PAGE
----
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Security Response

Showing posts in English
Kelly Conley | 18 Sep 2006 07:00:00 GMT | 0 comments

Diet pills? Ambien? HGH? If any of these are up your alley, you were in luck this past month. Online pharmacy spam represented a significant number of spam attacks that were seen by the Symantec Brightmail antispam probe network. In fact, this spam type was one of the top categories of spam sent out in August and has been around for a long, long time. The Internet is a gold mine of “cheap prescription drugs” that “don’t require a prescription!”

How can you recognize this spam type? For starters, it is often text-based and includes a “non-clickable” URL. A non-clickable URL requires a person to copy and paste the URL into a browser window to navigate to the Web site. You may wonder “Who would manually copy and paste these URLs into a Web browser?”, but someone must. In fact, many people must do this because it is a popular component to the success of online pharmacy spam. Spammers wouldn’t do it if end users weren’t so gullible and it didn’t work as well as it does....

Hon Lau | 16 Sep 2006 07:00:00 GMT | 0 comments

In a recent blog, I mentioned that Office documents were a great place to hide malware in order to maximize its chances of distribution. This time I want to draw attention to the fact that the Windows Registry is also another handy reference tool for some Trojans, too.

A Trojan will usually drop another copy of itself or a components as part of the installation process to try and throw users off track. So, typically a Trojan would run and as part of its installation process, it would drop a copy of itself using another filename in, say, the Windows System folder and modify the registry to run itself at every restart of the computer.

The goal of any effective profit-making malware is to get installed and run undetected for as long as possible to try and maximize the profit-making window. Many angles of attack and stealth have been explored by malware authors over the years. Some are high tech, as we see with rootkits. Some are low tech, such as in disguising...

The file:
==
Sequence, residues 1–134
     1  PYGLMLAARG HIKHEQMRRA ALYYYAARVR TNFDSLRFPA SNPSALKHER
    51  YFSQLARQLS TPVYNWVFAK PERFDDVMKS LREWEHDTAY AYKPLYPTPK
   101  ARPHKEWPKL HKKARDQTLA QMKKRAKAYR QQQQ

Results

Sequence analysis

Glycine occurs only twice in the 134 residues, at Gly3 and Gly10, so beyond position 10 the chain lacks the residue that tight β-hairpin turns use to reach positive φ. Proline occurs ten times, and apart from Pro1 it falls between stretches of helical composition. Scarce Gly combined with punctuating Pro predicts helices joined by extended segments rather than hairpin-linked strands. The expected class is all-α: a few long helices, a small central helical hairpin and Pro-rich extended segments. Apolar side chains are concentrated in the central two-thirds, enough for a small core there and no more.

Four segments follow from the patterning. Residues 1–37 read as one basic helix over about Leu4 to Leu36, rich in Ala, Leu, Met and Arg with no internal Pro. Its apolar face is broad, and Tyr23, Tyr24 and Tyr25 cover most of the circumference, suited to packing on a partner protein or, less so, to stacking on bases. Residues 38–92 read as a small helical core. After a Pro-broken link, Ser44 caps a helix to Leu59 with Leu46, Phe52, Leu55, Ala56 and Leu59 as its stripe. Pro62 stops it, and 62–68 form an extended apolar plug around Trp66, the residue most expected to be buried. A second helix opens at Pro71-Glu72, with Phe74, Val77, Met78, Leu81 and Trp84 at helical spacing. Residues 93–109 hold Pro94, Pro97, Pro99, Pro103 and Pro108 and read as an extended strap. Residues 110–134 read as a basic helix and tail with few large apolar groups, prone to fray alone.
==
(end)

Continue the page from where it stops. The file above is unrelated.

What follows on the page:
Symantec Security Response | 14 Sep 2006 07:00:00 GMT | 0 comments

Just days after Microsoft's September PatchTuesday announcement, Security Response has confirmed that there is anew Internet Explorer zero-day vulnerability. Because this is anunpatched vulnerability with proof-of-concept exploit code available,Symantec Security Response is considering this to be rated as"critical". The vulnerability itself was announced by XSec.

Uponfurther analysis, we have determined that the vulnerability is, infact, a buffer overflow related to how Internet Explorer tries toinstantiate a certain DirectionAnimation COM object as an ActiveXcontrol. At this point, we believe that successful exploitation of thisvulnerabilitiy may allow an attacker to execute remote code on thecompromised system.

There is no patch available from Microsoft for this particularzero-day exploit, as of yet. In order to provide proactive protectionto our customers against malicious attacks that attempt to leverage thevulnerability, Symantec Security Response is...

Liam O Murchu | 14 Sep 2006 07:00:00 GMT | 0 comments

There is a relatively new annoyance called "spim" that seems to be popping up on our screens more frequently. Spim is the equivalent of spam (unsolicited email, usually selling snake oil) that is delivered over instant messaging clients. After recently receiving more spim, which was advertising what I believed to be a spyware product, it occurred to me that the best tricks are still the oldest ones. With the recent attention that spyware applications are receiving, it is easy to overlook some of the simpler, more direct methods of spying. Spyware applications are not the only way people can catch their spouses cheating (!). The spim message I received was advertising a “catch your spouse cheating service”. No download necessary, no application to install, no hidden software on your spouse’s computer.

The service is based strictly on social engineering. It is a “very straightforward service”, as it is explained on their Web site. For a fee of only $49.95, this...

Zulfikar Ramzan | 13 Sep 2006 07:00:00 GMT | 0 comments

Last year, researchers at Indiana University performed a fascinating study on the potential impact of a phishing attack that included some form of relevant context. It was felt that it wouldn't be much longer before phishers harnessed the power of contextual techniques. The academic work I'm referring to, entitled "Social Phishing", involved an experiment where researchers at Indiana University first mined available resources (social networking sites, etc.) to determine who was friends with who. Then, they launched a mock phishing attack to see how individuals responded to a phishing email when the email message was forged to appear as if one of their friends sent it. It turned out that 72% of email recipients fell for the ruse and divulged sensitive credentials (compared to 15% in the "control" group that received an email from a random stranger).